IPF: My dad died from disease Katie Price’s mum is fighting

AS KATIE Price continues to bravely speak out about her mum’s terminal lung condition, I decided to share my story about the huge impact this rare disease has had on my life.

In July 2015, my dad, Terry Marshall, was diagnosed with idiopathic pulmonary fibrosis (IPF), a disease where scar tissue builds up in the lungs making it harder to take oxygen from the air as you breathe.

It seems strange looking back that I am unable recall the moment my parents told me the devastating news, but I can remember spending the following months contemplating the word “terminal” and the inevitability that came along with it.

The Argus: My dad and I pictured on HolidayMy dad and I pictured on Holiday

It was difficult to imagine that my dad had just three or four years left to live and that he would not be there to accompany me at major milestones in my life.

Will he be there to see me graduate? Who will walk me down the aisle now?

I found great comfort in my friends, who shared their sadness and talked about their memories of my dad but, with each conversation, I was able to predict one thing that they would all ask – what is IPF?

The Argus: My mum and dad pictured on their wedding day in June 1973My mum and dad pictured on their wedding day in June 1973

More people die from pulmonary fibrosis than from leukaemia and many other cancers, according to the charity Respiratory Futures, yet it remains a little-known disease.

In 2012, about 32,000 people in the UK had IPF, according to the British Lung Foundation.

But the disease has been in the headlines since 2017 with the death of TV personality Keith Chegwin and, more recently, the diagnosis of Brighton-born Katie Price’s mother, Amy.

The Argus: My dad and I on pictured with our two dogs on Holiday in NorfolkMy dad and I on pictured with our two dogs on Holiday in Norfolk

In several high-profile television appearances, Katie and Amy, 66, have spoken frankly about how the cruel disease has taken a physical and emotional toll.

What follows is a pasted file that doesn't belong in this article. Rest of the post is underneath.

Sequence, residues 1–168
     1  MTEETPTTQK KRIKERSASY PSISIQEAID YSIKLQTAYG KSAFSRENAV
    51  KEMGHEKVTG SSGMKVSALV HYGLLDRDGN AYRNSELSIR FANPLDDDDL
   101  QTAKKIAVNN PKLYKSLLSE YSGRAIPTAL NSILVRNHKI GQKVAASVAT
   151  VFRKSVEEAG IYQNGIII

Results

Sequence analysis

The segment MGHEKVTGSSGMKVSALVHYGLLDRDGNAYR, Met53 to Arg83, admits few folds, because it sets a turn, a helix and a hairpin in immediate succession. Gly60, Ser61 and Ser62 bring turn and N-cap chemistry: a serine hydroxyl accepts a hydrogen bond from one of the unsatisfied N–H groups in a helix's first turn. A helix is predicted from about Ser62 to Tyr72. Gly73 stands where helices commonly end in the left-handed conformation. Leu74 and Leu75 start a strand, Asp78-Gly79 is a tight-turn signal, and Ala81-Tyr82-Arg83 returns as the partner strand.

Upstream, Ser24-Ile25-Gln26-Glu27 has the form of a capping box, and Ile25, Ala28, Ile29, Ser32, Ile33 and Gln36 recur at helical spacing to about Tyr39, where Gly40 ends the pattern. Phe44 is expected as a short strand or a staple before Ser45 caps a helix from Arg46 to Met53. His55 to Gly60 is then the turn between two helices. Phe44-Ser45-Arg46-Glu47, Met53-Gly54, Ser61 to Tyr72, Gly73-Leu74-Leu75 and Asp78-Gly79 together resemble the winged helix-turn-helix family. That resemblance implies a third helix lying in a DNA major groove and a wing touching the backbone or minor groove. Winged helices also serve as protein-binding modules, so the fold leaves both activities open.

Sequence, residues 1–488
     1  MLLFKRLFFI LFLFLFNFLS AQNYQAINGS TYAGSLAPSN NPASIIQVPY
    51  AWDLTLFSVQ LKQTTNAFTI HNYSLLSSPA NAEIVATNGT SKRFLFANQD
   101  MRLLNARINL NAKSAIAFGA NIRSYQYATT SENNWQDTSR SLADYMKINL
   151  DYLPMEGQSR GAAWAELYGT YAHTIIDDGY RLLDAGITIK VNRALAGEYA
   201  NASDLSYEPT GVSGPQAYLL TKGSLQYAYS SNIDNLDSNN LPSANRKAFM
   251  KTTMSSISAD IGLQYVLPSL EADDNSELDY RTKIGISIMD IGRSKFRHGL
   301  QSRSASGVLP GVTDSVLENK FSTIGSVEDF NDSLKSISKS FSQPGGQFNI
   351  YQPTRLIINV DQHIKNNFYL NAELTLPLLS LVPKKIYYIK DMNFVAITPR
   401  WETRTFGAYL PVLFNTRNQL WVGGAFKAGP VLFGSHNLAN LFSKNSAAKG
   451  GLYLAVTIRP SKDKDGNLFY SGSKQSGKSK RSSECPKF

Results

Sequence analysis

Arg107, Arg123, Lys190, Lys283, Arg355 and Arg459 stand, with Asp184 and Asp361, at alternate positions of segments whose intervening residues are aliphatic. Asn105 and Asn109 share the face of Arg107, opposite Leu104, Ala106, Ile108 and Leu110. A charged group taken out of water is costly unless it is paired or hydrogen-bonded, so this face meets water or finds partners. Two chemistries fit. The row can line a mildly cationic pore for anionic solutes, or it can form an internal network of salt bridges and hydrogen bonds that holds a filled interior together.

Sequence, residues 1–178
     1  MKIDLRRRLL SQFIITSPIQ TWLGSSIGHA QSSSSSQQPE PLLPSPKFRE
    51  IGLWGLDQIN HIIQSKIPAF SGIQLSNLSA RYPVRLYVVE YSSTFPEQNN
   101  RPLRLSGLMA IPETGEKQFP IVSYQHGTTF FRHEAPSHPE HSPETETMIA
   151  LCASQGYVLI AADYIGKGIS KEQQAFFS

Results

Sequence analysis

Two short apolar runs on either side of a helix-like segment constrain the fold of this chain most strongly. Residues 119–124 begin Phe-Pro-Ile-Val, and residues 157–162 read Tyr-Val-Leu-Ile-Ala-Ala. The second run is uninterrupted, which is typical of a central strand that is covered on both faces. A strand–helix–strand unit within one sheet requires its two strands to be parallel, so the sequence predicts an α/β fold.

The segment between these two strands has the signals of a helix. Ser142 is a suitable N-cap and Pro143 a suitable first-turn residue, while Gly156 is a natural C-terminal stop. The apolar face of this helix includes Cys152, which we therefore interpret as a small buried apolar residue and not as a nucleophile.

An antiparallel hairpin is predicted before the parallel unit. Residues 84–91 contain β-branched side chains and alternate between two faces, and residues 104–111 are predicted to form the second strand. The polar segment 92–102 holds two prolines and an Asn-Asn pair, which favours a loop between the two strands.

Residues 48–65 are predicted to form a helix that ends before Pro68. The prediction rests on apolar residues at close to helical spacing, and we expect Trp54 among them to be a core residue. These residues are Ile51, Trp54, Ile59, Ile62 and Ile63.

Speaking on ITV’s Good Morning Britain earlier this month, Amy said she believes she is in the final years of her life.

She said: “I’m in the last couple of years now. What with Covid and everything, if I catch a cold or Covid there’s no hope so that would be the end of it for me.

“But positively, I’m hoping, I’m pushing to see if I can get on the transplant list because there is no cure and there’s nothing more they can do for me. It’s just palliative care keeping me comfortable.”

My dad, a mechanical engineer, was never considered for a transplant because, at the age of 65 at the time of diagnosis, age was against him. During the last year of his life, his condition began to deteriorate rapidly.

The Argus: My dad holding me as a babyMy dad holding me as a baby

I was in my last year of study at the University of Leeds, with my head deep in books as I frantically tried to complete my degree, when in the background my dad was becoming increasingly dependent on care from my mum Teresa.

He had become reliant on oxygen as he desperately fought to get air into his lungs.

When I returned home that summer, I was struck by his frailty and fragility, yet even with the word terminal echoing in my mind and the reality in front of me, it still did not enter my mind that these could be the final few weeks.

The Argus: My dad at the Harry Potter studio tour in Watford in September 2012My dad at the Harry Potter studio tour in Watford in September 2012

He found just enough strength to watch me graduate from university via a video link while in his hospital bed at our family home in Nottingham.

On September 18, 2018 my dad died at home after spending three long years fighting the disease.

I was there with him alongside my mum, his wife of 45 years, my sister Lisa and her daughter Nicole and my brother Damian.

It is easy to become overwhelmed by the memory of those blurry and sad few days that led up to and followed my dad’s death, but I don’t want to remember him like that.

Instead I want to remember him as a funny, tea-drinking, Leonard Cohen fan with an unassuming manner and the gentlest heart.

I am hopeful that with continued awareness and more funding for research, other daughters, wives, sons, brothers, sisters, aunties, uncles and grandchildren will be spared the heartbreak and grief I went though.

The British Lung Foundation is funding research that looks to develop better treatment and care in IPF, and also develop a better understanding of the processes that lead to scarring.

Although more and more people are being diagnosed with the condition, it is still not known what causes it. The aim of the BLF’s work is to change the lives of people living with fibrotic lung diseases.

To donate to its research, visit https://www.blf.org.uk/donate

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